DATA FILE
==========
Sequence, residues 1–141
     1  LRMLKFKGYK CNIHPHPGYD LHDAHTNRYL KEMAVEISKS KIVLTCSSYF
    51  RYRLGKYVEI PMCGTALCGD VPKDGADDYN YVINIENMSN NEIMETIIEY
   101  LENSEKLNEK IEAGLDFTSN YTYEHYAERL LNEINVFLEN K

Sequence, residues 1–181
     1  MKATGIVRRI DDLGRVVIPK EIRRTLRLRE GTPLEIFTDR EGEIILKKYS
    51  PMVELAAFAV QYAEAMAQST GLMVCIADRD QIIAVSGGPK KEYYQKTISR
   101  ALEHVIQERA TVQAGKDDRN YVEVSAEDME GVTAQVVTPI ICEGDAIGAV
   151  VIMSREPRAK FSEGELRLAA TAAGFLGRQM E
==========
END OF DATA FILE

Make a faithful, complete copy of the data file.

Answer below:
Sequence, residues 1–141
     1  LRMLKFKGYK CNIHPHPGYD LHDAHTNRYL KEMAVEISKS KIVLTCSSYF
    51  RYRLGKYVEI PMCGTALCGD VPKDGADDYN YVINIENMSN NEIMETIIEY
   101  LENSEKLNEK IEAGLDFTSN YTYEHYAERL LNEINVFLEN K

Sequence, residues 1–181
     1  MKATGIVRRI DDLGRVVIPK EIRRTLRLRE GTPLEIFTDR EGEIILKKYS
    51  PMVELAAFAV QYAEAMAQST GLMVCIADRD QIIAVSGGPK KEYYQKTISR
   101  ALEHVIQERA TVQAGKDDRN YVEVSAEDME GVTAQVVTPI ICEGDAIGAV
   151  VIMSREPRAK FSEGELRLAA TAAGFLGRQM E